But a four-point Democratic edge nationwide won't be enough to win a majority in the House of Representatives. The party won the popular vote in 2012, for instance, but the Republicans still won the majority of seats. The last time the Democrats did win the House, in 2008, the party bested the Republicans by 10 points. 

As the vote in the House of Representatives generally tracks the presidential vote, Clinton's five-point lead over Trump likely won't be enough.

But if Clinton's lead over Trump continues to grow — a few recent polls have put her lead in the double-digits — then the prospects for the Democrats improve significantly. If she beats Trump by a similar margin to Barack Obama's seven-point defeat of John McCain in 2008, Paul Ryan may find himself back in the minority.

Senate majority in jeopardy

If things go badly enough for the Republicans that they lose the House, the Senate will have been lost long before.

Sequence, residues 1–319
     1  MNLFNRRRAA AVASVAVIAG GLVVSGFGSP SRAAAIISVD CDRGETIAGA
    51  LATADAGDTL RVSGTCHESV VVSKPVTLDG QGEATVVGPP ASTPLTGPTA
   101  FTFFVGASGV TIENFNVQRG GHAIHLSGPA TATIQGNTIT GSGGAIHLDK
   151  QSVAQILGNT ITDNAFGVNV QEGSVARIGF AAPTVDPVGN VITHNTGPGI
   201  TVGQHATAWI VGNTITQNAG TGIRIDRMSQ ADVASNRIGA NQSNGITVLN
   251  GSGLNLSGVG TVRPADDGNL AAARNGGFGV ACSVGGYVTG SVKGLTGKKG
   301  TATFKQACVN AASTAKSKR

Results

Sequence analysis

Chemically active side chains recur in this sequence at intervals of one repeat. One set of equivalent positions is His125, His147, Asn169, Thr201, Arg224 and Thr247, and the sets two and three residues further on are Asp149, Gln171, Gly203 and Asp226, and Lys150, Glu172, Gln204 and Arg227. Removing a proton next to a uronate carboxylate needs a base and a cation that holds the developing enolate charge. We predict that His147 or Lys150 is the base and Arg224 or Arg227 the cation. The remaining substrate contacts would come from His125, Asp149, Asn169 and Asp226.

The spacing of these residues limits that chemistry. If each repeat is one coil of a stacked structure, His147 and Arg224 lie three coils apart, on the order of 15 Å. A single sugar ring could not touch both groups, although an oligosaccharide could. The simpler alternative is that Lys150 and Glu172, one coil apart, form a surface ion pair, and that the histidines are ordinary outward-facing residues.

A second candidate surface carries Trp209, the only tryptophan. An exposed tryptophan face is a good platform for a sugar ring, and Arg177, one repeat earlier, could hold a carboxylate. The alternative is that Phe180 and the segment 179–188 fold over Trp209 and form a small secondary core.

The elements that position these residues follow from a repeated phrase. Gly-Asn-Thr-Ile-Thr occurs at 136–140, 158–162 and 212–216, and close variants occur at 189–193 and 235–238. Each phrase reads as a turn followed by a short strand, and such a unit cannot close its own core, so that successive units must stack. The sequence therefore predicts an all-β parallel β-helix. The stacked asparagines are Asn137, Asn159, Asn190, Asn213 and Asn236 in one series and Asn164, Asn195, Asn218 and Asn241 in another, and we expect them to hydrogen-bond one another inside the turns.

The Democrats need a net gain of only four seats in the Senate to win back their majority (assuming Hillary Clinton wins the presidency, as a tie is broken by the vice-president). The 34 Senate seats up for election this year were last up for grabs in 2010, which was a bad year for the Democrats. The Republicans are the incumbent party in 24 of those seats, meaning they will be on the defensive.

Democratic presidential candidate Hillary Clinton, left, appears on stage with Nevada Senate candidate Catherine Cortez Masto at a campaign rally in Las Vegas on Feb. 18. (David Becker/Reuters)

Two Republican seats look like easy pickings for the Democrats: Illinois and Wisconsin. But the Democrats might be in trouble in Nevada, where Senate minority leader Harry Reid is retiring. Polls have shown Republican Joe Heck ahead of the Democrats' Catherine Cortez Masto.